8. Not all blogs operated by attorneys constitute advertisements under the Rules. See Rule 7.1, Comment  (“Topical newsletters, client alerts, or blogs intended to educate recipients about new developments in the law are generally not considered advertising.”); N.Y. State 967 (2013) (blog written by an attorney that does not discuss legal topics and whose primary purpose is not the retention of the lawyer is not an advertisement). However, as Rule 7.1, Cmt.  points out, “a newsletter, client alert, or blog that provides information or news primarily about the lawyer or law firm (for example, the lawyer or law firm’s cases, personnel, clients or achievements) generally would be considered advertising.” See also Hunter v. Virginia State Bar ex rel. Third Dist. Committee, 285 Va. 485, 744 S.E.2d 611(Va. 2013) (attorney’s blog posts, while containing some political commentary, were deemed commercial speech subject to attorney advertising rules).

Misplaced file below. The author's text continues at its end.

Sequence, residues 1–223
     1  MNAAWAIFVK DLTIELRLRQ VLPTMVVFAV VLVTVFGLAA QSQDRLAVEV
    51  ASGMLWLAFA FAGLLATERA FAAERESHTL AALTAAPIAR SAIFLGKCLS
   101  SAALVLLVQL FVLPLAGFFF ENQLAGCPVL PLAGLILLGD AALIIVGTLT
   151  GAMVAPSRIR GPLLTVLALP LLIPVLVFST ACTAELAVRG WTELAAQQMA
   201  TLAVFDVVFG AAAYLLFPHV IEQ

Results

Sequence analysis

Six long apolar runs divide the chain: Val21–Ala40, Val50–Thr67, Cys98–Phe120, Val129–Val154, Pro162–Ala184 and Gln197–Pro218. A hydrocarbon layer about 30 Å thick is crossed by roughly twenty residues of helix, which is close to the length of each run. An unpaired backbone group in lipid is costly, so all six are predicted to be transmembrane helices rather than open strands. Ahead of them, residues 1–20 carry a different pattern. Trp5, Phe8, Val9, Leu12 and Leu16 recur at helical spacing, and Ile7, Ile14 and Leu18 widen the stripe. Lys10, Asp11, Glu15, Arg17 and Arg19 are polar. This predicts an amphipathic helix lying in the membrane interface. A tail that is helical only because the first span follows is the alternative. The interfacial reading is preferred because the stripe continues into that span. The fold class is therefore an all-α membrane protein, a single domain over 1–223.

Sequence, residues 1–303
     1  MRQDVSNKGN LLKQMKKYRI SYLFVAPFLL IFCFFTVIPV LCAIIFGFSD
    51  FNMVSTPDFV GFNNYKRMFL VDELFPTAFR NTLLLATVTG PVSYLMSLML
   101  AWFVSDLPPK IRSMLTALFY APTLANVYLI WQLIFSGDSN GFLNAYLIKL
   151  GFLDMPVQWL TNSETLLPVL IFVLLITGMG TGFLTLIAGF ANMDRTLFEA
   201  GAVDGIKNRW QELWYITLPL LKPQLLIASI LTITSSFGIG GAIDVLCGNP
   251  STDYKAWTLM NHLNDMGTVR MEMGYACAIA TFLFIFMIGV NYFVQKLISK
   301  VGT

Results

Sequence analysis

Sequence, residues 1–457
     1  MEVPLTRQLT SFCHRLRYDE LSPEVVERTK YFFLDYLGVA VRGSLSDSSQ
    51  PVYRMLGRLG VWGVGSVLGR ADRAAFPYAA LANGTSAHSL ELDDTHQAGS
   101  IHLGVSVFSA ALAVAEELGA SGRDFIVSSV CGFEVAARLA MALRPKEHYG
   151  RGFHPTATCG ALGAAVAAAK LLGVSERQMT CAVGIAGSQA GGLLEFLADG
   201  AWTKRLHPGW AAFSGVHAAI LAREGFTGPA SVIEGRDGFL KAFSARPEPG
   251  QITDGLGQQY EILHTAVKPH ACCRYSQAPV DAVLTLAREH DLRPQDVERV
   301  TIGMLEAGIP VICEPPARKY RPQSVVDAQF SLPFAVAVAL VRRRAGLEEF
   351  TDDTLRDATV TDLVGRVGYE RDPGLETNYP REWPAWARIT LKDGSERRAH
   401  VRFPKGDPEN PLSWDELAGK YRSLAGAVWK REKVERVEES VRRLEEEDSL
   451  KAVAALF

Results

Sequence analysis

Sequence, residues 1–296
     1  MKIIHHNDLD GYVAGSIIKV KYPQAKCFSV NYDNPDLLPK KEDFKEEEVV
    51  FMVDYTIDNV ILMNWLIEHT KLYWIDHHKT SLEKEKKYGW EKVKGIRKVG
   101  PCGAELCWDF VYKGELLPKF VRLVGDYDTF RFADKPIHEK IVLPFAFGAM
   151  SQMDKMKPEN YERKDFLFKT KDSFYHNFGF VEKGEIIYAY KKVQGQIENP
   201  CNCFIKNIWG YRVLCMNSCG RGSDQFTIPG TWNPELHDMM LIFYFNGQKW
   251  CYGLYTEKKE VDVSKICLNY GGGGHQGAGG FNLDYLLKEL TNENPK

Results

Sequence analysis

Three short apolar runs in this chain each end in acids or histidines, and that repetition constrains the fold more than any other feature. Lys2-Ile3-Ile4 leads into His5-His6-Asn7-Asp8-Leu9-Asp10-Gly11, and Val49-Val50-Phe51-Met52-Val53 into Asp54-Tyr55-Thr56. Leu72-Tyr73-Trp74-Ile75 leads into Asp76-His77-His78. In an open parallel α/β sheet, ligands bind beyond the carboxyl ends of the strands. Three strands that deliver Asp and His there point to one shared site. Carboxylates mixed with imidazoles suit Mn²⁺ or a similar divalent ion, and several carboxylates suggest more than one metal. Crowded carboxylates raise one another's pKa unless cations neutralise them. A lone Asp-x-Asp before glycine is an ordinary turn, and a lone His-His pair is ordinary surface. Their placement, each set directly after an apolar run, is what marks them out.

9. The inquirer states that her blog is labeled an “attorney advertisement” because a primary purpose of the blog is to advertise her services. The definition of “advertisement” quoted in ¶6 above requires that the primary purpose must be the retention of the lawyer or law firm. We do not opine on whether the label is actually required here, but we recognize that many lawyers take a conservative approach to whether educational material prepared for clients is an advertisement and thus should bear the label “attorney advertisement” as required by Rule 7.1(f). Whether a given communication is an “advertisement” is not always clear. See N.Y. State 848 (discussing factors to be considered in determining if attorney communication constitutes an “advertisement,” including: (i) the intent of the communication, (ii) the content of the communication and (iii) the targeted audience of the communication). The fact that the lawyer decides as a precautionary matter to use the “advertising” label is not dispositive.